- Engage with your website or app in the foreground for at least 10 seconds
- Fire a conversion event
- Fire at least 2 screens or pageviews
If you’re new to the GA4 craze and need a walk-through, head over to this blog page to get you acquainted with this powerful data toolset.
You may wonder what other possibilities are available for data exploration, analysis, and additional insights after seeing the Standard Reports and their initial outputs.
Exploration comes into the picture with versatile visualization and data segmentation options that provide an improved experience compared to the previous GA version.
Let’s see what types of reports are available in Explorations.
Google Analytics 4 offers improved funnel customization capabilities to define and modify steps on the fly. Go to the Explore on the left sidebar, and in Template gallery you’ll see the Funnel Exploration report.
As with other reports, you can modify it and interact with it more than in the previous version.
- Set up closed or open funnels where users can enter at any step
- Examine trends in trended funnels to detect any irregularities in the current funnel
- Get the information about the elapsed time between each of the steps. That allows you to get an estimate of the length of the user journey and the time delays that occur in the funnel.
As an example, we have a shopping behavior funnel report below with all the steps on the path toward the final conversion.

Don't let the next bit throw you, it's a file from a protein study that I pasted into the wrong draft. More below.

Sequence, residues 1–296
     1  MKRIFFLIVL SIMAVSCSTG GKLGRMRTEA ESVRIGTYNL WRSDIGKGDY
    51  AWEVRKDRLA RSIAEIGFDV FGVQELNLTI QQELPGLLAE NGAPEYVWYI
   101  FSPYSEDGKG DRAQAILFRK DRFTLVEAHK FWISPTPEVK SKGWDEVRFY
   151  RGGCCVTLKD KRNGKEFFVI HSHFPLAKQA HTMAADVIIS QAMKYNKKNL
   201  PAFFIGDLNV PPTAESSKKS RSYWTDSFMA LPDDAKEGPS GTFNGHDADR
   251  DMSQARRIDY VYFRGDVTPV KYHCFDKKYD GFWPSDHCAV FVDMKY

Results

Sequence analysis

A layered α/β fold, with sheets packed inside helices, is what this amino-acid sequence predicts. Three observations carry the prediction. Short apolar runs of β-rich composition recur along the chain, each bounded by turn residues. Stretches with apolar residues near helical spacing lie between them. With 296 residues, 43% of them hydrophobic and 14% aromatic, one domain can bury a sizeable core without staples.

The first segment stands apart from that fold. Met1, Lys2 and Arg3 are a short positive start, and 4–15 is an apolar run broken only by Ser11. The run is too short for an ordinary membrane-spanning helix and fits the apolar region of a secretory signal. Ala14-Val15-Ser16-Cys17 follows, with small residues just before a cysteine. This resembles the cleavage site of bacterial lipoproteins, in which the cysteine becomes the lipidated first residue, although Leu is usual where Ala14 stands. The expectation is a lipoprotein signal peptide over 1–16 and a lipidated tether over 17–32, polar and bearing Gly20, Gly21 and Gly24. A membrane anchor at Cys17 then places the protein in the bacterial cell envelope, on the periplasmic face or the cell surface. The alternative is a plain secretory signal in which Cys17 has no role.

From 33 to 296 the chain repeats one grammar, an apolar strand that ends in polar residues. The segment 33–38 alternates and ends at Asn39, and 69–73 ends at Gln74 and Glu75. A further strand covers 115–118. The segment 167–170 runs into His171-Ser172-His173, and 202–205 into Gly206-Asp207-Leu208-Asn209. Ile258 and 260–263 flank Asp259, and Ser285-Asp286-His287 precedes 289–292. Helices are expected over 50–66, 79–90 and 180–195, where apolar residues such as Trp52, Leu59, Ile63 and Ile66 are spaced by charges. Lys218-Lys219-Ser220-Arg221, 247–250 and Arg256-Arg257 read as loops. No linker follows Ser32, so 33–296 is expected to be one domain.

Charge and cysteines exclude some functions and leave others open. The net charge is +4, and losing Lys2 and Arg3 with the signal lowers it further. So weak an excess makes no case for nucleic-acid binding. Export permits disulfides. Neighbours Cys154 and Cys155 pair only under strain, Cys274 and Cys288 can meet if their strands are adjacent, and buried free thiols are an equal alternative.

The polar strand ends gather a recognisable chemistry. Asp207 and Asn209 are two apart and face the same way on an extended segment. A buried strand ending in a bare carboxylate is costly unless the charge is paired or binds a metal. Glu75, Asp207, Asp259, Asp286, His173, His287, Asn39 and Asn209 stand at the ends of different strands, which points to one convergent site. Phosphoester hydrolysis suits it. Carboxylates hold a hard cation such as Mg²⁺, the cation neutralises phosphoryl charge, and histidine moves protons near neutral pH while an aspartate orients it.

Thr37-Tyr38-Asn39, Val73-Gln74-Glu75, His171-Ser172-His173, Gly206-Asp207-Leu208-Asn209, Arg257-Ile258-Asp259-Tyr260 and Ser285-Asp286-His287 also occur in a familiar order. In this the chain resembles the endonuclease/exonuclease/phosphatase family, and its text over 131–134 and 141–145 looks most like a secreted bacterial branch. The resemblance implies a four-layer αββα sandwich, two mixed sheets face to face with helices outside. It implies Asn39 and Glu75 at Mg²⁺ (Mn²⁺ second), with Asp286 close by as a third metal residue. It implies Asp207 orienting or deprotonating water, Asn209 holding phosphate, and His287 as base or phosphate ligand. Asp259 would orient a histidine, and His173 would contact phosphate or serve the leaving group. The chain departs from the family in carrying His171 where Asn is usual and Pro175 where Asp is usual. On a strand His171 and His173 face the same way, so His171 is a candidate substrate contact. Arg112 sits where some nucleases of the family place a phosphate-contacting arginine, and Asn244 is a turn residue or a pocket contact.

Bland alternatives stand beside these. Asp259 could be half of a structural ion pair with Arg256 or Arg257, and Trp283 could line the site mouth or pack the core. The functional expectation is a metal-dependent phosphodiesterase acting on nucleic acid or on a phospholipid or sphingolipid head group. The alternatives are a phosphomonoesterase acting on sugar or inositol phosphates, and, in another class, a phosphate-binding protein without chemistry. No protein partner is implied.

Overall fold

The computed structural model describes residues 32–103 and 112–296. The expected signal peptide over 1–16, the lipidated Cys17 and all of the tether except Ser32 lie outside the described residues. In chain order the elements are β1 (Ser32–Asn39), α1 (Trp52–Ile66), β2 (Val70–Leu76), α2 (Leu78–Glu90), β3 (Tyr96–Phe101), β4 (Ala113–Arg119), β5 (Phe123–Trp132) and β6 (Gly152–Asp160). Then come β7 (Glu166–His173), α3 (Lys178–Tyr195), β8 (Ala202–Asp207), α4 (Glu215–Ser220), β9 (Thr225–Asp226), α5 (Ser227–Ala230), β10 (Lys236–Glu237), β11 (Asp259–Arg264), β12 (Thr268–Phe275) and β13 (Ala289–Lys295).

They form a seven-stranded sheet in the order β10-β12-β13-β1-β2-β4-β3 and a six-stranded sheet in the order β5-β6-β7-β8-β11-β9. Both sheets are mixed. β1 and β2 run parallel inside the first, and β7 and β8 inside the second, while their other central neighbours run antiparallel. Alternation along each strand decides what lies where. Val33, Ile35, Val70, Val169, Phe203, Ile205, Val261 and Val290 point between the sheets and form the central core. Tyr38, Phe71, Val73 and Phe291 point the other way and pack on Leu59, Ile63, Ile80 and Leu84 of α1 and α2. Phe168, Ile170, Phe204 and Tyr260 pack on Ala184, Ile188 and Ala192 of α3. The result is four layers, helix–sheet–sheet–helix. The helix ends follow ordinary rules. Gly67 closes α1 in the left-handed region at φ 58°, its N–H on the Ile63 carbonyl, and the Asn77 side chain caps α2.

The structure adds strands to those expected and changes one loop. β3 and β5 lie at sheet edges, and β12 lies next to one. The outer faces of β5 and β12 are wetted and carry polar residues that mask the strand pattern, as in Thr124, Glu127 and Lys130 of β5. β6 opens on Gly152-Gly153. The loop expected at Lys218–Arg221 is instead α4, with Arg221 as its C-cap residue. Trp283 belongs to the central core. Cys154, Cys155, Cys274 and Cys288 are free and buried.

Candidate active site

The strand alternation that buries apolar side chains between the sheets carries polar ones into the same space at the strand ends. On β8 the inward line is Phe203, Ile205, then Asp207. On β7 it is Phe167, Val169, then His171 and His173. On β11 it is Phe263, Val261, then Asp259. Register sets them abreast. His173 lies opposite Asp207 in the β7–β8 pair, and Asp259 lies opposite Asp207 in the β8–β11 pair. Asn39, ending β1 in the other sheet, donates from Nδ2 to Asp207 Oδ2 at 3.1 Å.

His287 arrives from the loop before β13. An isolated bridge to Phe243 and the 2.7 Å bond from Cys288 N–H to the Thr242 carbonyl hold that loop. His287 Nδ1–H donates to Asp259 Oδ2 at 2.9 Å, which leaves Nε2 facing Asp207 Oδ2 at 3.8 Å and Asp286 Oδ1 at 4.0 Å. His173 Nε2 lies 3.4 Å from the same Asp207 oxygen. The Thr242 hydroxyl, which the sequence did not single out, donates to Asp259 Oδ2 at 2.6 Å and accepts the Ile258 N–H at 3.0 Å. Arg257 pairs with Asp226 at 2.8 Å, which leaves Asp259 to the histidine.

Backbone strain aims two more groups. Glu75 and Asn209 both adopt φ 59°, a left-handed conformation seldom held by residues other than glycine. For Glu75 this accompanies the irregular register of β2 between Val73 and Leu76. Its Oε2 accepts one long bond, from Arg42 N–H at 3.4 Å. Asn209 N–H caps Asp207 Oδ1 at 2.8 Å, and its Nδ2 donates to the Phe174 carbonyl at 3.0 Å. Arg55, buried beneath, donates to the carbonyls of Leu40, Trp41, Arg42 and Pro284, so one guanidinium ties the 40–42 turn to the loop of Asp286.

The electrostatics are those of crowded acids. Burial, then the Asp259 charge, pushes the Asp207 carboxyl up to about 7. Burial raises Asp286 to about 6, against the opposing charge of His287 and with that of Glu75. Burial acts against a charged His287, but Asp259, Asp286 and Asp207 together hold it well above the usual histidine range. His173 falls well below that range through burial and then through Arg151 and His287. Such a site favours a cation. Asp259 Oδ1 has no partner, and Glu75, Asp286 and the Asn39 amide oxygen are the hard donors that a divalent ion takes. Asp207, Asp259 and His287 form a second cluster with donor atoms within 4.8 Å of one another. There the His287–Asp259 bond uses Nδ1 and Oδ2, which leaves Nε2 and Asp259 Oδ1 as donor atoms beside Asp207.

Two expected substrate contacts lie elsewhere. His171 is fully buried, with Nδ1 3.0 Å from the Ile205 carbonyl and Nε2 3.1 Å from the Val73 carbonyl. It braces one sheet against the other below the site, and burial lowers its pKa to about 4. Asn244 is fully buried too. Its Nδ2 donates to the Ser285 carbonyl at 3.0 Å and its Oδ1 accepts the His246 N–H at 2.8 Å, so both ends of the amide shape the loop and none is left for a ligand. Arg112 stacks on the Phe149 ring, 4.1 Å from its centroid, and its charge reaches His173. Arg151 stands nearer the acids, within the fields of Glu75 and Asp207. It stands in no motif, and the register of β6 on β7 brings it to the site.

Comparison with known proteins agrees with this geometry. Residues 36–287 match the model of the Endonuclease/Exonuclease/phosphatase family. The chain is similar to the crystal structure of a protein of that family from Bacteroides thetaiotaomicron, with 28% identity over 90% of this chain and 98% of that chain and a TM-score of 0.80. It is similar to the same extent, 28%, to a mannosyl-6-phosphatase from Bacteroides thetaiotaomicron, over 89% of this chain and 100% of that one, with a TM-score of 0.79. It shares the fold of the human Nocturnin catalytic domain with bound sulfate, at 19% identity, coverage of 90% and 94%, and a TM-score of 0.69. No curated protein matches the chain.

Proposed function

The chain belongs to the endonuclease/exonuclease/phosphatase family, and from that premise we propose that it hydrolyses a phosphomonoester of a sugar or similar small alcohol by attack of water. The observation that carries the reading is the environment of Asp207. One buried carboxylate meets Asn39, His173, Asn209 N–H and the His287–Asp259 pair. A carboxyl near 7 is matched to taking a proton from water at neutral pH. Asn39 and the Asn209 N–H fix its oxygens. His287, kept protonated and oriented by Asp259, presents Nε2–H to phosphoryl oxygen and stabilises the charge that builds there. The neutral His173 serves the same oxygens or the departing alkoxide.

The most frequently used path for users from a starting point to an end point can be found with Path Exploration. You may freely define the starting and ending points.
For example, it can be a specific page (e.g., a thank-you page) or a conversion (e.g., a newsletter subscription). This report beats the previous version thanks to its simplicity and ease of access.
Free Form Report
If you’re interested in data analysis, you’ll know that heat maps are an excellent method to compare performance variables broken down by dimensions. Instead of looking at a flat table, you may use this functionality right within the GA interface without having to export any additional data to Google Spreadsheets.
Segment Overlap answers the question of how your built segments are connected. You may quickly determine which ones are mutually exclusive and which ones have a lot of overlap, and some measurable facts, such as the number of users.
User Explorer Report
The User Explorer Report shows data entries per individual user. The report is pretty similar to the one we had in the previous version of Google Analytics, but there’s one extra feature – you can now see a fraction of users you are most interested in.